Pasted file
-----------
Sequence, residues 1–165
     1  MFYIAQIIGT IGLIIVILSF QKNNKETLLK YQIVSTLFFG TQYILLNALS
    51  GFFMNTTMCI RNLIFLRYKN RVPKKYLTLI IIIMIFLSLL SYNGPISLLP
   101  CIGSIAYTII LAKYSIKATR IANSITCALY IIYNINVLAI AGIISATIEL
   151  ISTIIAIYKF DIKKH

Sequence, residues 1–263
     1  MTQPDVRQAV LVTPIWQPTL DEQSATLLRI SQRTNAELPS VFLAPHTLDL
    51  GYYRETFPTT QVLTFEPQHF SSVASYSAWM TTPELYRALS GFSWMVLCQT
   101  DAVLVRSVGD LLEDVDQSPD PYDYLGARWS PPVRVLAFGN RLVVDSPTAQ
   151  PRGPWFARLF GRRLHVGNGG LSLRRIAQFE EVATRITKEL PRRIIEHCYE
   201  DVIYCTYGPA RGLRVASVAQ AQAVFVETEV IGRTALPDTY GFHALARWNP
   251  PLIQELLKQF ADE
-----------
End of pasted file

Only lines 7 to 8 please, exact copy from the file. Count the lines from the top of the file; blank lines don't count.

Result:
     1  MTQPDVRQAV LVTPIWQPTL DEQSATLLRI SQRTNAELPS VFLAPHTLDL
    51  GYYRETFPTT QVLTFEPQHF SSVASYSAWM TTPELYRALS GFSWMVLCQT